Anyone who works in or around public safety organizations know that organizations are like people. Some stress is good. It increases performance, keeps staff involved and engaged, and facilitates teamwork. But too much stress or too long in the “zone” and all those good things go bad quickly. Responders can feel overwhelmed, exhausted, resentful, and/or short-tempered. As an “organizational organism” an entire group can suffer from these symptoms. And for the Beach Patrol, all the close calls, emergencies, tragedies, long days, and environmental challenges can wear us out and cause us to crash if we don’t remember to relax and recharge. Staff will begin to squabble among themselves or start to find fault in their supervisors or managers. Some of this is normal and unavoidable. Our guards work really hard and perform really well, and that comes at a price.

Sometimes the remedy is as simple as a few calm, uneventful days to help us remember how nice it is to go to the beach for work every day. Other times we organize ways for the guards to interact together, relax, and enjoy each other’s company away from the pressures of work. Last week we had our final competition of the summer, which was the “beach flags” event. Picture musical chairs with hose, except with adrenaline charged super athletes wearing costumes. We also had our annual “Lifeguard Banquet” which a committee organized and involved food, awards, and a pinata.

Here’s to our hardworking guards!

Have a Safe 4th of July!

Hard to believe we’re already to the 4th of July holiday! Summer is flying by. We’re fully staffed, as are the other emergency services. But with up to 500 thousand visitors on the island this weekend, make sure you think of us as an added layer of protection and take protective measures to ensure your personal safety and that of your family. If you or yours are headed to the beach, remember not to check your brain at home or on the other side of the causeway!

Finally, we’re seeing normal summer water conditions as opposed to the constant wind, surf and currents that have plagued us since early May. We’re also starting to see a slight increase in critters like jellyfish and stingray, but so far it hasn’t been above our threshold to fly the purple flag that warns of high levels of marine pests though. Just as a reminder, the treatment for a jellyfish sting is rinsing with saline solution (or saltwater if that’s the nearest thing). This gets the tentacles off and keeps the sting from getting worse. Then do something for the pain like rub ice on it or treat with a topical anesthetic. Most stings are a pretty short-term event and it’s extremely rare to see any kind of allergic reaction to them. For stingrays, they’re easily prevented if you shuffle your feet while in the water. If you are unfortunate enough to catch a barb in your foot or ankle you want to soak it in hot water immediately- but not so hot you burn your skin. The pain goes away very quickly. Then you need to seek medical attention because they have a 100% infection rate.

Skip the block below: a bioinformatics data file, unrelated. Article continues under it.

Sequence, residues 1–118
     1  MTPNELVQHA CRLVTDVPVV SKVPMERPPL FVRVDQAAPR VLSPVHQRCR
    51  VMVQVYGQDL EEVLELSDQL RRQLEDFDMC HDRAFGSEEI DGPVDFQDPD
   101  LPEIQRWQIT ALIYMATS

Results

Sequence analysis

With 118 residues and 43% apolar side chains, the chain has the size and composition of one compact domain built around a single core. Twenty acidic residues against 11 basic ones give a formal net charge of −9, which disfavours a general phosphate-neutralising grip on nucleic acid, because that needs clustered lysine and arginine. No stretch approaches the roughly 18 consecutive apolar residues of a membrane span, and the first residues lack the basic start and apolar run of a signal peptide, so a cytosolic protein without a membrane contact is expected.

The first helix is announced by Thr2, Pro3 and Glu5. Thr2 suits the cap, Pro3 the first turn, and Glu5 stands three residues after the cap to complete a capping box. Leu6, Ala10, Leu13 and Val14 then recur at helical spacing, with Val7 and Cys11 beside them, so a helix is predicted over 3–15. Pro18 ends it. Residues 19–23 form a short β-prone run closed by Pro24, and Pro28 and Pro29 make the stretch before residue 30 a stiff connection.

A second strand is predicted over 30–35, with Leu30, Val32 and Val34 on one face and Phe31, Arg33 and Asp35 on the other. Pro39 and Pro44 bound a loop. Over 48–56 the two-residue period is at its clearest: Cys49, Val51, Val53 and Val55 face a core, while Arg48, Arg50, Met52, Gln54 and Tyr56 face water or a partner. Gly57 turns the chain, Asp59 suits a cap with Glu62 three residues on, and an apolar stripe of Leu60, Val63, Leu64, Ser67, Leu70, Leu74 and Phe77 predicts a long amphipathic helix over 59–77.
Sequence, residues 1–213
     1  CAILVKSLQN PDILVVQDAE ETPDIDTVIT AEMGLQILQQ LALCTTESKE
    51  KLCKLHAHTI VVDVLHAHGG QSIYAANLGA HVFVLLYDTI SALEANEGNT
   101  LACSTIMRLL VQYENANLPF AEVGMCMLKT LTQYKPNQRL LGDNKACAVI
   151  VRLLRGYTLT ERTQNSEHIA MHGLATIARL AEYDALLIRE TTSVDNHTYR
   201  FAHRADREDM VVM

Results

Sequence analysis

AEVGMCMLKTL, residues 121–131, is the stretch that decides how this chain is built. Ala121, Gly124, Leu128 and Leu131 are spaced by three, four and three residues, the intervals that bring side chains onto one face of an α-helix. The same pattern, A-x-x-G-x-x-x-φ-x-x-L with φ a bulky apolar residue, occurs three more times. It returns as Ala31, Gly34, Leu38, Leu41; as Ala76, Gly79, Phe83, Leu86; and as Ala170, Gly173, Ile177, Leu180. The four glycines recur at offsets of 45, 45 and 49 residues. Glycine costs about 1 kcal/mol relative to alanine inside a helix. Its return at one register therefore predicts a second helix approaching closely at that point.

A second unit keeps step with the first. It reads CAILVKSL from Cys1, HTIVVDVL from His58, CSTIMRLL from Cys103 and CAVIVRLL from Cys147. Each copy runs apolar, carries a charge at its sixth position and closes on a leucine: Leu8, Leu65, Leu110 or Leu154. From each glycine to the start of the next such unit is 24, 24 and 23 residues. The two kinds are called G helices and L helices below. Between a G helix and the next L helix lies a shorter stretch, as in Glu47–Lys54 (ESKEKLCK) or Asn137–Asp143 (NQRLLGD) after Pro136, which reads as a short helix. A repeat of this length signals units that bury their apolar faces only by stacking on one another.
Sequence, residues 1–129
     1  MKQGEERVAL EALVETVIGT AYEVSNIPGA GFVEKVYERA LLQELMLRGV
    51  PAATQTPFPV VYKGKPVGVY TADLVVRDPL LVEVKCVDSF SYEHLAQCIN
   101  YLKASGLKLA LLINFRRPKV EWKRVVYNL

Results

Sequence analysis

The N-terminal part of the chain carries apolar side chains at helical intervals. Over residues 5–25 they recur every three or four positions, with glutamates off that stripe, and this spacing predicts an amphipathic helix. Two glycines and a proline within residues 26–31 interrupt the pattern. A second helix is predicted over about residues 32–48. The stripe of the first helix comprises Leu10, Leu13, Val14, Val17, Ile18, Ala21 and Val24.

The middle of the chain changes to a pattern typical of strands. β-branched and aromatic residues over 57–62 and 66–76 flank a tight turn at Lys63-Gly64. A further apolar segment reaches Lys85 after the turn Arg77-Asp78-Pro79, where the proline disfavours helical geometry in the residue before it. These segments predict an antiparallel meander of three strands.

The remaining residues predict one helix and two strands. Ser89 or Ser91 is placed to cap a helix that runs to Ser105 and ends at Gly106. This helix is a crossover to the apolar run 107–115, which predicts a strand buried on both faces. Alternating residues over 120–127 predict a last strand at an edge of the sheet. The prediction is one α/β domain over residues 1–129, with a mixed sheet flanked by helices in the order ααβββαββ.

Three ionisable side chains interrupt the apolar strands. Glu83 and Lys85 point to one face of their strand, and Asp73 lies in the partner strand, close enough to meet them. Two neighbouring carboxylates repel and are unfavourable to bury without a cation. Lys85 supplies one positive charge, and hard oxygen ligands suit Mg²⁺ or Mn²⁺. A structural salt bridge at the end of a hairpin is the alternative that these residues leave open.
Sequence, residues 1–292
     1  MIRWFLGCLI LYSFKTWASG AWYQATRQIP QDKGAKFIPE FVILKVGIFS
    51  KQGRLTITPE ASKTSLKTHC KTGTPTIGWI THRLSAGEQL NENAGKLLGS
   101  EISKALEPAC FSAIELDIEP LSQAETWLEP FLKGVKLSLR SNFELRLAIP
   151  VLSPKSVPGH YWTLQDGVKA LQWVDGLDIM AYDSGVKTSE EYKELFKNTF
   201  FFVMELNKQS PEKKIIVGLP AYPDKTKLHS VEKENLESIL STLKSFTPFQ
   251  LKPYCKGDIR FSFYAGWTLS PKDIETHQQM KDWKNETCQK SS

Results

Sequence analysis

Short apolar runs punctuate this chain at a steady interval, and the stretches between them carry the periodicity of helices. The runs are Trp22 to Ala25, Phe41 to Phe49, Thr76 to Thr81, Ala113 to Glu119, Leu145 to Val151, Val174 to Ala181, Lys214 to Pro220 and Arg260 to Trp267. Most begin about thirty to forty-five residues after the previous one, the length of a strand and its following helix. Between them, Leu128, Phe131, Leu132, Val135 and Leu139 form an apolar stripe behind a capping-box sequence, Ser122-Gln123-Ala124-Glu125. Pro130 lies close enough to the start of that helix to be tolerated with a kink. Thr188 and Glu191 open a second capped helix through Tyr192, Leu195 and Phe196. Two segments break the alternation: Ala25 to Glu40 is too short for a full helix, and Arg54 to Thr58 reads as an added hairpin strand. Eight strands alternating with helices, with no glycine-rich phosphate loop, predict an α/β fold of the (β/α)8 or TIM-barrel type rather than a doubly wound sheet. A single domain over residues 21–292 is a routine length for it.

Stay far away from groins and piers to avoid rip currents. Also remember to keep a close eye on your kids and wear a lifejacket if you’re a poor swimmer/child, on boats, or wade fishing. One thing to keep in mind is that we typically see a lot of heat related injuries (heat exhaustion and heat stroke) on this particular weekend. I’m not sure what it is about the combination of 10 hours of sun, BBQ, and beer that brings this on? Don’t forget to hydrate the non-alcoholic way, wear protective clothes and use sunscreen, seek shade periodically, and use decent sunglasses. And of course, avoid swimming on the ends of the island at the San Luis Pass or the Houston Ship Channel.

Forecast looks great. Should make for a great holiday weekend, so come on out to the beach. Just remember to swim near a lifeguard. We’ll have guards at all the towers from early morning until dark. So, stop by the tower and chat with the guard for the latest local beach info when you get there.

We really hope this holiday is a chance for you to spend quality time with family and friends and to remember how lucky we are to live here. Be safe and have a great 4th!

San Luis Pass Patrol

Halaen Betancourt was working our San Luis Pass Patrol last weekend and rolled up on a large group of adults and kids swimming in the ship channel. Most of them were in shallow water, with a few of them farther out. There was an area which was pretty shallow which was semi protected by an underwater curving peninsula that protected them from the worst of the strong tidal current that was flowing. Only the ones farther out in chest to neck deep water were in immediate danger of being swept into the deeper water. Haelen’s partner stayed in the vehicle and she walked over to talk to the adults in the group. The conversation went something like this: